These are what we call the 'YMMV items.' Things that some people find in this work. We call them 'your mileage might vary' because not everyone sees these things in the same way. This starts discussions in the trope lists, a thing we don't want. Please use the discussion page if you'd like to discuss any of these items.
The closing credits song, a hard rock number composed and performed by Jim Ellis, an Atlanta musician who recorded some of the incidental music for the show. According to people who attended the recording sessions, Ellis didn't yet have lyrics for the closing theme, so he sang nonsense words to give an idea of how it would sound. Series creator and executive producer Hugh Wilson, however, decided to use the words anyway, since he felt that it would be funny to use lyrics that were deliberately gibberish, as a satire on the incomprehensibility of many rock songs. Also, because CBS always had an announcer talking over the closing credits, and they would often mute the closing theme during said closing announcement, Wilson knew that no one would actually hear the closing theme lyrics anyway.
Deader Than Disco: A literal version. Though Johnny made several Take That comments against disco when it was still popular, "Dr. Fever and Mr. Tide," a full-length anti-disco episode, didn't appear until 1981, by which time disco was already dead.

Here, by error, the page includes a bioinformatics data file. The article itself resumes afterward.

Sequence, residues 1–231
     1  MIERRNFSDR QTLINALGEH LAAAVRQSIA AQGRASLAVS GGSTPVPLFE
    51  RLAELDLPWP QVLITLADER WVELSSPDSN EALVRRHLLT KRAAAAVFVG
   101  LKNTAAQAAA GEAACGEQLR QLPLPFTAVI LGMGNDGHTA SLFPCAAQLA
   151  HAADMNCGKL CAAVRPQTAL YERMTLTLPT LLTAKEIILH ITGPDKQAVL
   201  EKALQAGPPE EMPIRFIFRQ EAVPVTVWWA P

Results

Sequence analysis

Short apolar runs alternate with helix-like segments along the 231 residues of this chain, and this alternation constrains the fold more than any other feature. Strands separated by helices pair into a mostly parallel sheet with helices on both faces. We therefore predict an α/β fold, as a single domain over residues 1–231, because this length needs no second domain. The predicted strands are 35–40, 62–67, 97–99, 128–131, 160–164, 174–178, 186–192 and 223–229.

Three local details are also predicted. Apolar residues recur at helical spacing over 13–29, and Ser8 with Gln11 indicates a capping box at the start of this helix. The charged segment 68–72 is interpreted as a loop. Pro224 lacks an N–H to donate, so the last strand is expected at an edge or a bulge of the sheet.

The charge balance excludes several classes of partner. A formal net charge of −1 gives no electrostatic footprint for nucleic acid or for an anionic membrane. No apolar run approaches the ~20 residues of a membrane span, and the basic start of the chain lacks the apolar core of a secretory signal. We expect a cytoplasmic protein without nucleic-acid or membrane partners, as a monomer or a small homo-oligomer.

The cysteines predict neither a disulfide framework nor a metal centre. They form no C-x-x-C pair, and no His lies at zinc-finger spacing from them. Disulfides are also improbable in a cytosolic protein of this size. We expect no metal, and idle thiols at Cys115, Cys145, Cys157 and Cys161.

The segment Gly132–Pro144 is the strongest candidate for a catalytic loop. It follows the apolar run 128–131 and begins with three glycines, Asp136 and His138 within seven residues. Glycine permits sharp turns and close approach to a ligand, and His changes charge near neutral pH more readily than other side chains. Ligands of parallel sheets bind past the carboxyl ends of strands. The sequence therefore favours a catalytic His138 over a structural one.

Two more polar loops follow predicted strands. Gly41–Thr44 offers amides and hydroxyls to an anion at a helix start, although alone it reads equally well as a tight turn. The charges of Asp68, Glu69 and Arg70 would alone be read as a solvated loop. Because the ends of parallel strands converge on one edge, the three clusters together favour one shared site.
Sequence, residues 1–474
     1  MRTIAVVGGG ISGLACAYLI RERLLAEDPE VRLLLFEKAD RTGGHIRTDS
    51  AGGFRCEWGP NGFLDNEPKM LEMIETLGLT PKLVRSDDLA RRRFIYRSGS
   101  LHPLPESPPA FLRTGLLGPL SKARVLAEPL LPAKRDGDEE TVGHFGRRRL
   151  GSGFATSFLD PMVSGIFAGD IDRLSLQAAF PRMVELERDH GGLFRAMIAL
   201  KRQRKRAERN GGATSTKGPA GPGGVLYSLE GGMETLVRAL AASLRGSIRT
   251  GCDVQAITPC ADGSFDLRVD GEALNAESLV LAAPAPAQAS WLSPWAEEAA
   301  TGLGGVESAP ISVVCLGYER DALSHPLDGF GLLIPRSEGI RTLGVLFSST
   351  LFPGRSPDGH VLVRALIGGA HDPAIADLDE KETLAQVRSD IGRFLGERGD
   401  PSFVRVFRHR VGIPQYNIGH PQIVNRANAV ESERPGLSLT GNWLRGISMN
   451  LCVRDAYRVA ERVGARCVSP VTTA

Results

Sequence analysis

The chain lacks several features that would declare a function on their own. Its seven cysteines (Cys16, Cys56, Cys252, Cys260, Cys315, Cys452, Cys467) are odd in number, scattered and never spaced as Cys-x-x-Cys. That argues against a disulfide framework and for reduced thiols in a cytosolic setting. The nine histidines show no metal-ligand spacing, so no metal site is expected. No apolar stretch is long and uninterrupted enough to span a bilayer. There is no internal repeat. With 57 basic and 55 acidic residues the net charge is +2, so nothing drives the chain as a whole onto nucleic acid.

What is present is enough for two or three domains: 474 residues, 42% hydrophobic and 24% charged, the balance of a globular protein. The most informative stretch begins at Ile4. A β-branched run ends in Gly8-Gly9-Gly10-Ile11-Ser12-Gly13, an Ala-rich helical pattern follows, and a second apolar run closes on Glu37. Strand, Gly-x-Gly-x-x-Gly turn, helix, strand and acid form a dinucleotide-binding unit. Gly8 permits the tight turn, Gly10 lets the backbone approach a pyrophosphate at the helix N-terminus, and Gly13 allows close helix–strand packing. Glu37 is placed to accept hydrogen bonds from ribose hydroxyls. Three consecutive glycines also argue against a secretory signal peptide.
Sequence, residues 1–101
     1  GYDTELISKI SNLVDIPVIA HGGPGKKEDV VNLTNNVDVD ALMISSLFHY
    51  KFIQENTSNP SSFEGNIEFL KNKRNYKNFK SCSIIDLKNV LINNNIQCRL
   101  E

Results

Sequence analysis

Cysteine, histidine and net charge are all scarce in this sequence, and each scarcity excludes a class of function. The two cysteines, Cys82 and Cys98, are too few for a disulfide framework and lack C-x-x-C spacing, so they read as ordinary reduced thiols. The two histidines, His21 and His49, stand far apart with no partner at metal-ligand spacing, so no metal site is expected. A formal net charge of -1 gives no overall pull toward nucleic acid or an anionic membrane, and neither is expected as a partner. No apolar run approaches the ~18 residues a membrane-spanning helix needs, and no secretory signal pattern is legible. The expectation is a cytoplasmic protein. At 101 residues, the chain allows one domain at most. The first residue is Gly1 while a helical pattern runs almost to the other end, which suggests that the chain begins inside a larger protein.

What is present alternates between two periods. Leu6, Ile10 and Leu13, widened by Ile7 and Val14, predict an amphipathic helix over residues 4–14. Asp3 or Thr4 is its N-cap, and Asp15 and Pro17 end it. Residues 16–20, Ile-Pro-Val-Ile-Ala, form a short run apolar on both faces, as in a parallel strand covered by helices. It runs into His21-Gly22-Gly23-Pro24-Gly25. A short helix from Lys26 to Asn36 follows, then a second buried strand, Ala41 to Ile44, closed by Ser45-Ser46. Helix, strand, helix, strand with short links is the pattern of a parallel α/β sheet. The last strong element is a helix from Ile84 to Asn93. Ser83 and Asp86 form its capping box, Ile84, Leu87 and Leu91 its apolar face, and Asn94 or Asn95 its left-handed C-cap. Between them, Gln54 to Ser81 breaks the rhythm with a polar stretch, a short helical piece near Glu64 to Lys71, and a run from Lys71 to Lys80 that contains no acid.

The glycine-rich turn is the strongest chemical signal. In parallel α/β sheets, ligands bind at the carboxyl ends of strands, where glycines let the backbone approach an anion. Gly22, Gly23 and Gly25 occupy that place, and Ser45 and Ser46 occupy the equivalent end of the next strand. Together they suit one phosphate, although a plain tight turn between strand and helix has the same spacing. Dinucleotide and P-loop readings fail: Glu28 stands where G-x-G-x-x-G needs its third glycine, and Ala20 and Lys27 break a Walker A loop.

Ensemble Darkhorse: Two: Johnny, the morning man with quite a few problems, and Les, the confused newsman with a big ego who gets some of the best scenes (including the big scene in Turkeys Away) in the whole show.
"Funny Aneurysm" Moment: In the first few episodes, the theme tune was preceded by a fake news bulletin, where an announcer says, "...but the Senator, while insisting he was not intoxicated, could not explain his nudity." Weirdly, many years later Jan Smithers (Bailey) would get into a traffic accident while inexplicably — allegedly — driving in the nude.
Germans Love David Hasselhoff: In the US the show is a fondly-remembered Work Com with an avid cult following. In Canada it's a major TV comedy icon, dating all the way back to the first season, when it attracted huge audiences there even as it struggled in the ratings south of the border.
Hollywood Homely: Many male fans "don't get" why Jan Smithers was cast as the "plain" foil to sexy Jennifer. What they don't get is that Bailey was actually supposed to be the sexy one - the hip, modern girl in comparison to Jennifer's old-fashioned 60s-era "sexy secretary". On the other hand, promoting Gary Sandy as the hunk when Tim Reid was in the cast can only be seen as a result of Most Writers Are Male.
Suspiciously Similar Song: Most of the replacement music (for syndicated/DVD releases) sounds nothing like the original music. However, when a plot point or mood depends on a specific song (such as "Hot Blooded" in "A Date with Jennifer" or "Your Smiling Face" in "I Want to Keep My Baby"), a more obvious soundalike will be used.
Values Dissonance: Herb's relentless pursuit of Jennifer (and management's seeming tolerance of it) would likely result in a sexual harassment lawsuit nowadays.
Jennifer quits her “Ask Arlene” advice show when a caller’s husband turns abusive after the caller asserts herself as Jennifer recommended. Jennifer blames herself for breaking up a happy marriage, and no one contradicts her. A reaction like this would be nearly unthinkable today.